The number of Americans applying for unemployment benefits rose last week to 744,000, signaling that many employers are still cutting jobs even as more people are vaccinated against COVID-19, consumers gain confidence and the government distributes aid throughout the economy.
The Labor Department said Thursday that applications increased by 16,000 from 728,000 a week earlier. Jobless claims have declined sharply since the virus slammed into the economy in March of last year. But they remain stubbornly high by historical standards: Before the pandemic erupted, weekly applications typically remained below 220,000 a week.
For the week ending March 27, more than 3.7 million people were receiving traditional state unemployment benefits, the government said. If you include supplemental federal programs that were established last year to help the unemployed endure the health crisis, a total of 18.2 million are receiving some form of jobless aid the week of March 20.
Economists monitor weekly jobless claims for early signs of where the job market is headed. Applications are usually a proxy for layoffs: They typically decline as the economy improves. Or they rise as employers retrench in response to sluggish consumer demand.
During the pandemic, though, the numbers have become a less reliable barometer. States have struggled to clear backlogs of unemployment applications, and suspected fraud has clouded the actual volume of job cuts.
By nearly all measures, though, the economy has been strengthening. During March, employers added 916,000 jobs, the most since August, and the unemployment rate declined from 6.2% to 6%. In February, the pace of job openings reached its highest level on record. Last month, consumer confidence posted its highest reading in a year.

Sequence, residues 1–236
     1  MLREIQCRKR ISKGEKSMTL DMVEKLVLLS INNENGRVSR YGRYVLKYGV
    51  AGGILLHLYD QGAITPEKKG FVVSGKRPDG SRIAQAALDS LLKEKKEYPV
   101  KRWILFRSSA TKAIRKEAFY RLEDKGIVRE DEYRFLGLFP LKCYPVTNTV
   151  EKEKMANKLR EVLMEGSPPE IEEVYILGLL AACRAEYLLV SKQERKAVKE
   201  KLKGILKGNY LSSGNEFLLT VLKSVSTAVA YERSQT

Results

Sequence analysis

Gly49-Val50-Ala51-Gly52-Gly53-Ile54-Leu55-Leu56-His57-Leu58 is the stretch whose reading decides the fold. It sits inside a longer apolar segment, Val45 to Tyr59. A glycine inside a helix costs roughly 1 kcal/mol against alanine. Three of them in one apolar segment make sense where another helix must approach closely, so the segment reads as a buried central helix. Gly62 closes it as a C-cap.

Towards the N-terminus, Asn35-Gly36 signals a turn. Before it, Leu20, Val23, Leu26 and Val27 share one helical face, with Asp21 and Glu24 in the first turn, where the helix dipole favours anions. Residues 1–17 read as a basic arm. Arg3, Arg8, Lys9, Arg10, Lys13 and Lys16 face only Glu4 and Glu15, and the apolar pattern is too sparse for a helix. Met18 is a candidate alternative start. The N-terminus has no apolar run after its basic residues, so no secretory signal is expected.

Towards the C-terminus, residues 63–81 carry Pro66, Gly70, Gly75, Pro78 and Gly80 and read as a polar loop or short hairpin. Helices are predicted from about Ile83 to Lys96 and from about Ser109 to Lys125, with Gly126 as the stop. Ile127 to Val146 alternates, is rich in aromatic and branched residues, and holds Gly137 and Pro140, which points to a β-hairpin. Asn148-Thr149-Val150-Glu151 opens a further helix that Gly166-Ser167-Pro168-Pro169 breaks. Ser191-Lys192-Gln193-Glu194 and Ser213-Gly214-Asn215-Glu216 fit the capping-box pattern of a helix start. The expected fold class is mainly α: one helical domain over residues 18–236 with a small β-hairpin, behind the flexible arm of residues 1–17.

And this week, the International Monetary Fund forecast that the U.S. economy will grow 6.4% this year. That would fastest annual pace since 1984 and the strongest among the world’s wealthiest countries.
Most economists say they think the still-high level of unemployment applications should gradually fade.
“Jobless claims may bounce around week to week as the recovery takes hold, but we expect they will start to decline more consistently as the economy gains momentum,” economists Nancy Vanden Houten and Gregory Daco of Oxford Economics said in a research note. “We expect the stellar March jobs report to be the first of many and look for a hiring boom in the spring and summer months.″
Still, the United States still has 8.4 million fewer jobs than it had in February 2020, just before the pandemic struck. New confirmed coronavirus cases, which had dropped sharply from early January through early March, have plateaued over the past month. In addition, the vaccination rate for elderly Americans, who are among the most vulnerable, has dramatically slowed even as the supply of vaccines has expanded.
And the data firm Womply reports that the percentage of businesses that remained closed last week rose from the beginning of March — from 38% to 45% for bars; from 35% to 46% for beauty shops; and from 30% to 38% for restaurants.